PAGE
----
M.C.: Brazil is the eighth largest economy globally in terms of GDP, with businesses across all sectors and minimal government investment. Regarding infrastructure or clean energy, no other country offers as much investment opportunity as Brazil.

Moreover, it has a growing consumer market. If you’re in agribusiness, in a country with 215 million inhabitants, you’ll sell a lot of food. If you’re a multinational looking to expand, Brazil should always be considered.

– Is it more attractive to do business in smaller, less complex regional countries like Uruguay and Chile?

M.C.: We’re talking about very small countries. Uruguay and Chile are smaller than Sao Paulo. They are attractive but have their limits, so they need to be less complex to compete effectively.

Uruguay ends up serving as a hub. If you want to start a business in Latin America, you can begin there and expand more easily into other countries. As for Ecuador (30th), if it ranks better than others, it’s likely because of very little foreign investment and fewer experienced individuals there.

Surprisingly, Argentina (12th) ranks lower. We ourselves struggle to make projections in Argentina because it’s heavily influenced by politics. In my view, it should rank above Colombia, Mexico, and Brazil.

– What is your outlook on the other countries in the region?

M.C.: Colombia has faced significant challenges due to drug trafficking and lacked investment for many years. However, since 2000, it has opened up and shown considerable business opportunities, being the third-largest country in the region and strategically located. Being Venezuela’s neighbor, which currently enjoys support from Russia and China, the United States is investing more in Colombia, attracting other players.

Bolivia holds substantial mineral resources, which could be attractive. Yet, I don’t see many advantages in this market due to its small size. Moreover, the government is increasingly creating new, confusing, and complex regulations, despite economic difficulties.

Bridge Nations

This year, the GBCI highlighted “bridge nations,” those commercial corridors where companies establish trade routes between different trade blocs to create redundancy in case of any failures.

These measures result from global polarization and the deteriorating relations between the United States and China, argues TMF Group, leading to the elongation and alteration of supply chains and the shifting of production away from mainland China.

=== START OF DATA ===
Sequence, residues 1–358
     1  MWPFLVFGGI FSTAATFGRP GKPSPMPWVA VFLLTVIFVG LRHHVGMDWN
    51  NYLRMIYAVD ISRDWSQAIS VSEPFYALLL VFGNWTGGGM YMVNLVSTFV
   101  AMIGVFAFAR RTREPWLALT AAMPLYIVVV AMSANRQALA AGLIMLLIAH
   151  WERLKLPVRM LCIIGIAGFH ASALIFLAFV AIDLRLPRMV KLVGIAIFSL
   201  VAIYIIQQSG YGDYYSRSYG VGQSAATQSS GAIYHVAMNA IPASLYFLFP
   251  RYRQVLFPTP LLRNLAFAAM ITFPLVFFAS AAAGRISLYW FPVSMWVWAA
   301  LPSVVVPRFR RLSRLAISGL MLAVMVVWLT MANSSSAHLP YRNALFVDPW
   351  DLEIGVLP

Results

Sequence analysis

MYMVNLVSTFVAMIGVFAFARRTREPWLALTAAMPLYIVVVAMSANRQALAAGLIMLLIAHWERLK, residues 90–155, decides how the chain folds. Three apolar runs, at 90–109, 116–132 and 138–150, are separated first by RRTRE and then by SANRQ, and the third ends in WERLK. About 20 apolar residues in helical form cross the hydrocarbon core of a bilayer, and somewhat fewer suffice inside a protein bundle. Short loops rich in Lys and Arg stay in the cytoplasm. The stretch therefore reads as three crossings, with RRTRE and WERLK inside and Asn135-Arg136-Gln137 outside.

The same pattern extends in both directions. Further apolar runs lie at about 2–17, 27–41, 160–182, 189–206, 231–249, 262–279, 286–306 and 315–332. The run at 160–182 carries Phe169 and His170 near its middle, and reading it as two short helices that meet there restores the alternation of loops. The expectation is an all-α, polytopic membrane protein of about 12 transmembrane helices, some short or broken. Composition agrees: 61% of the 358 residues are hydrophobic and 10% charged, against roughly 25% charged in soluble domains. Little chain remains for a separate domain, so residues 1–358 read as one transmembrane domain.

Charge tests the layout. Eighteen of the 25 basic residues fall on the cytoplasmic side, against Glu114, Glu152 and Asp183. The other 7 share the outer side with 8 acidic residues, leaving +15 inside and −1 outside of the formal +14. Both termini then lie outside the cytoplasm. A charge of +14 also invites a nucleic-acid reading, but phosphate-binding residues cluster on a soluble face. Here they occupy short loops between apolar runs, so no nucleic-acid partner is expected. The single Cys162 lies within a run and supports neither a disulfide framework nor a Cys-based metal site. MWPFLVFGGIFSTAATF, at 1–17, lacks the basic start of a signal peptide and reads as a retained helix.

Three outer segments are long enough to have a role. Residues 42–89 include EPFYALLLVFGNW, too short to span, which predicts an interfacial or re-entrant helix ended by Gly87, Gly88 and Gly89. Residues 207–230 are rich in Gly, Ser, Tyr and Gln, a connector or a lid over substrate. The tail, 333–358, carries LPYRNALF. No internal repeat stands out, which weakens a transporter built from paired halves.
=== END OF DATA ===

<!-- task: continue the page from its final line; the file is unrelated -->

– Among the countries considered as “bridges” is Mexico. What would be the reason?

M.C.: Mexico primarily due to nearshoring and being the largest Spanish-speaking country in the region. However, it’s so complex that you can’t use Mexico to do business in Colombia, for example. Hence, I don’t see other attractions for Mexico as a bridge country for doing business within Latin America itself.

– Do you see other countries in Latin America trying to become a bridge nation to attract foreign investment?

M.C.: Part of Uruguay acts as an offshore jurisdiction. It offers tax advantages for various businesses and is highly advanced in regulations, such as cannabis and gambling, which attract European, Asian, and American companies. If I want to pilot something in Latin America, doing it in Uruguay is almost risk-free in that sense.

Chile is also an example, thanks to its trade agreement with the United States. Many investors invest in Chile and then in Peru because both are small, but together they make an interesting combination.

– What are the trends that could change the economic complexity landscape in Latin America over the next five years?

K.F.: It all depends. We had a period with more alliances between countries and fewer barriers, but this changed with the pandemic, and today we are going through another phase. In Brazil, we realized that not only semiconductors are manufactured abroad, but even aspirin came from India, for example. So, we cannot look solely at regulations but at the macroeconomic context and how the world is reacting: are we going to abandon alliances because we don’t want to buy from a country with cheaper products, or are we afraid another pandemic will affect me?

We are in a phase where everyone is protecting themselves more, philosophically speaking. Europe is using the excuse of ESG not to buy from certain countries, for example. In Brazil, we are considering that we should start producing basic items in our country. So, it’s difficult to predict where we are headed because we are in a process of quite strong protectionism.

M.C.: On the other hand, I believe that increasingly important issues are clean energy and impact investments. Latin America is well-positioned because it has the Amazon rainforest and many natural resources, which place it in a more prominent position in the global economy.

However, as Karla says, everything must progress in parallel and have a more acceptable political environment. Argentina is in a transition process, Venezuela is always a question mark, and Mexico continues with the same government profile. We’ll see, but historically, politics still heavily influences the economy, unfortunately.

– In this case, how can companies use this complexity panel to explore investment and business opportunities?

K.F.: I think they need to understand the nuances. Again, complexity does not necessarily mean the country is unattractive, and making the decision of where to invest goes beyond complexity. For example, Mexico is complex, but if we look at its population, geographical location, and nearshoring opportunities, it’s a different story.